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Suppose I have a function CalculateOutput(n) which creates an array of size n and repeatedly modifies this array by iterating through every element from 0 to n - 1 (say this is done in linear time). When the array is in a particular order then the number of times the CalculateOutput has walked the array is returned. The thing is that as n increases the output does not necessarily increase (e.g. CalculateOutput(4) = 5 while CalculateOutput(5) = 2). How could I determine the time complexity of this algorithm? Or what other information would I need to be able to determine the running time?

I believe that if there were some other method to determine the number of iterations over the array (call it m) for a given n then it would be that CalculateOutput = O(m * n). But I only know what this m is by running the algorithm previously described.

  • You seem to be conflating run time versus time complexity. Also, the actual output doesn't have much to do with the time complexity of an algorithm. You may want to post the actual algorithm. You can also read the question What is O(…) and how do I calculate it? – Vincent Savard Jan 22 at 20:19
  • @VincentSavard the algorithm repeatedly reorders an array of size n by walking it from 0 to n - 1. When it is back to original order then the number of times the array was walked is returned. – restin84 Jan 22 at 20:34
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    Bubble sort is one such algorithm. – trentcl Jan 22 at 20:40
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    Possible duplicate of What is O(...) and how do I calculate it? – Doc Brown Jan 22 at 20:42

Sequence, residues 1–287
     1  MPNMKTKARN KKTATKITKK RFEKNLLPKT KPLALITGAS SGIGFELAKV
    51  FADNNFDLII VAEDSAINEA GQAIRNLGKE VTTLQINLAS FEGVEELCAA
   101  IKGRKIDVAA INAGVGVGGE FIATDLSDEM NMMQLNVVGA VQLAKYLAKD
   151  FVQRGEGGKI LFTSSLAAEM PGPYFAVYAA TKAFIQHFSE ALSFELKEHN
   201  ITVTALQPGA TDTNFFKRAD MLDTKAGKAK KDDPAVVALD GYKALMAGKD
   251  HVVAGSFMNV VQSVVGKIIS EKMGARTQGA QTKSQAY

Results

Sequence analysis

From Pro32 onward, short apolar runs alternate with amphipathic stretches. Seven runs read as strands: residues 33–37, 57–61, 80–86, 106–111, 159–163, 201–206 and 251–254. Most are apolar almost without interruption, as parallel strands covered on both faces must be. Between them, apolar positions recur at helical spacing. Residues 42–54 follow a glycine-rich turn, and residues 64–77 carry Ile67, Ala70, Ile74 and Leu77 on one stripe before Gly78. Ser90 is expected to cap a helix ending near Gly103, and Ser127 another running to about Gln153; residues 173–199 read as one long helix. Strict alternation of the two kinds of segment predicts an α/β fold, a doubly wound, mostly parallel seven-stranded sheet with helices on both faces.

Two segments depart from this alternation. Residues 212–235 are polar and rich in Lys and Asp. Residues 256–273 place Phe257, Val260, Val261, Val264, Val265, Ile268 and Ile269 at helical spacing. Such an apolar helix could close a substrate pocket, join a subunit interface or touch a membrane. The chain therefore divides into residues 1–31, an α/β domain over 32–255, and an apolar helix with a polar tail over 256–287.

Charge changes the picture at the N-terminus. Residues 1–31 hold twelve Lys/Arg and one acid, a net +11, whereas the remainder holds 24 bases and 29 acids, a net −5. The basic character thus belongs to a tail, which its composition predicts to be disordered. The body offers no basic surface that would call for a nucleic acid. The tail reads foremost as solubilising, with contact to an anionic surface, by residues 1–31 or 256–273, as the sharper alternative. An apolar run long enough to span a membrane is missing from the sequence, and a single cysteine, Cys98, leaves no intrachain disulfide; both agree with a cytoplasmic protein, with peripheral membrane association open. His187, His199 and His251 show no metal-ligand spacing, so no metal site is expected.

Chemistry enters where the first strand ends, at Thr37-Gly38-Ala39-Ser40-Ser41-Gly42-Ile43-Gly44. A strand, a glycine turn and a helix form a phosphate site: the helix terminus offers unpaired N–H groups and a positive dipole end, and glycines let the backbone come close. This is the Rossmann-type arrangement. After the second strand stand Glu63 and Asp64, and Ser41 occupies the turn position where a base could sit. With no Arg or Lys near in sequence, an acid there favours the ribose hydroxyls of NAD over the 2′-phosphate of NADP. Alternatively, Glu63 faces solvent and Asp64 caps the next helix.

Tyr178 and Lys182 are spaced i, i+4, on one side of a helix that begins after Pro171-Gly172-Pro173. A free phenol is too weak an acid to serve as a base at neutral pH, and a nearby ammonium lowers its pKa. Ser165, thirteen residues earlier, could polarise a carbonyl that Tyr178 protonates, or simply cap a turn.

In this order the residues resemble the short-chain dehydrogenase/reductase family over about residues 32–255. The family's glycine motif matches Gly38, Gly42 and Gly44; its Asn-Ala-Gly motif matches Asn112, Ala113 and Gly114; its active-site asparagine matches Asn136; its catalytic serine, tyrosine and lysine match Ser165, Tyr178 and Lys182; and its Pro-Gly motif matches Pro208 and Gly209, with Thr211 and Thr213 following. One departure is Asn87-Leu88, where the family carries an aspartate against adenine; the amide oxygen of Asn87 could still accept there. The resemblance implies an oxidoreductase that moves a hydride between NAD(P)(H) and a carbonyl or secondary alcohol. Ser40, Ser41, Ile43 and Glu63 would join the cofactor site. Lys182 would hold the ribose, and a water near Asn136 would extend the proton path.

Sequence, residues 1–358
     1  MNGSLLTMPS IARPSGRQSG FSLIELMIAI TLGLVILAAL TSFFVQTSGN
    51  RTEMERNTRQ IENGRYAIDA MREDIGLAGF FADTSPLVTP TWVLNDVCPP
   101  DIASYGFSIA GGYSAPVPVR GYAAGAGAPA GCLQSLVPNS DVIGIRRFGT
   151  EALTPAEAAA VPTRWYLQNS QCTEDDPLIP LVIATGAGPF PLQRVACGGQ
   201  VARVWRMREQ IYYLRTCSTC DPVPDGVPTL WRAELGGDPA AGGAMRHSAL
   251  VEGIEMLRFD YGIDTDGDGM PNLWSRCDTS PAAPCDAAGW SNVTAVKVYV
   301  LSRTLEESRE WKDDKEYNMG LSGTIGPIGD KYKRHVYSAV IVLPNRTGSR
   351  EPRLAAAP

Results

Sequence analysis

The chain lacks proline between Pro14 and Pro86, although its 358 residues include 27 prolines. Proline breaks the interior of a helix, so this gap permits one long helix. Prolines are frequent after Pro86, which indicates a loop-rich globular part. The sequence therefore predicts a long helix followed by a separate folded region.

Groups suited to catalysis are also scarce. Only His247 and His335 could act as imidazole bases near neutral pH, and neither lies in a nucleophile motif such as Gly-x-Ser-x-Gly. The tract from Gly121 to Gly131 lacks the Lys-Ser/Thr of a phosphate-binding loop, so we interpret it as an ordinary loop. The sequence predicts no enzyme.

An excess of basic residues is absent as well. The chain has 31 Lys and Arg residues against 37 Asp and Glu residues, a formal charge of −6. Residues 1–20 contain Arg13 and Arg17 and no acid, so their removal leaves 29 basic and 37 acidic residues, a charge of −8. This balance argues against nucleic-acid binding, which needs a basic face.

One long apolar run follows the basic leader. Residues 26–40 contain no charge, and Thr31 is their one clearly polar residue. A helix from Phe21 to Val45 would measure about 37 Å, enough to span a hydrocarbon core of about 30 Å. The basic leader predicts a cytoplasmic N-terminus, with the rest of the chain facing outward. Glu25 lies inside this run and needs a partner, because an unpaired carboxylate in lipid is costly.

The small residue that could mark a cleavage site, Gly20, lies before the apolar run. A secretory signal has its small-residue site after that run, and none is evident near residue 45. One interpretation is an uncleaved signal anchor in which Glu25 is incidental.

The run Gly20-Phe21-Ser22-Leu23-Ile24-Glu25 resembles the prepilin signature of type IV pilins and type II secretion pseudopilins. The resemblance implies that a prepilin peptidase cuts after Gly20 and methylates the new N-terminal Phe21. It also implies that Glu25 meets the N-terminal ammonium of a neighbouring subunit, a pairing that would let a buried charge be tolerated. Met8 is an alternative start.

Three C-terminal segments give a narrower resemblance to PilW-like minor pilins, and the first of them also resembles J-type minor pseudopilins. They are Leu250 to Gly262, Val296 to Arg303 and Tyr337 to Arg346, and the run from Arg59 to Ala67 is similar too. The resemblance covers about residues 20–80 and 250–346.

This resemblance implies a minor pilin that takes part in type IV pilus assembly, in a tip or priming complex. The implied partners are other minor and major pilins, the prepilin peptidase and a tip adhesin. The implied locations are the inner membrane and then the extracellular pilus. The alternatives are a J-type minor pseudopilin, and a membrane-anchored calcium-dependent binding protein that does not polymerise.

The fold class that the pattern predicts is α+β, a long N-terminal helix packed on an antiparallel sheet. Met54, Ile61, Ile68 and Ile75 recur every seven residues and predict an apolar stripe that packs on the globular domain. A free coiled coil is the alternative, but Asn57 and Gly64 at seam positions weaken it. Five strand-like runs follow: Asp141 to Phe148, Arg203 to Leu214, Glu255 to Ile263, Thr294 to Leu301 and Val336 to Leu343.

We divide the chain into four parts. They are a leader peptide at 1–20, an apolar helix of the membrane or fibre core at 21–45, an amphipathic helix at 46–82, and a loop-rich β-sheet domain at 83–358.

• @trentcl your comment is helpful. I would upvote it but I don't have enough rep yet. – restin84 Jan 22 at 21:10
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This is why we talk about algorithm complexity in terms of bounds and cases. That provides a reasonable way to compare two algorithms even if it is very difficult to pin down exact run times.

In the best case, you might only have to traverse your array once, giving you O(n). In the worst case, you might have to traverse your array n times, giving you O(n2). If you have a uniform distribution of possibilities, your average case might result in traversing your array n/2 times, giving you O(n*n/2) which simplifies after constant removal to O(n2).

If you are forced to give one result, you'd give the upper bound of your worst case, which is O(n2). If your real world data is almost always closer to the best case, this algorithm becomes a lot more attractive.

Note that just counting the required passes might be able to be done more efficiently than actually performing the passes. A similar concept is finding the Kendall tau distance.

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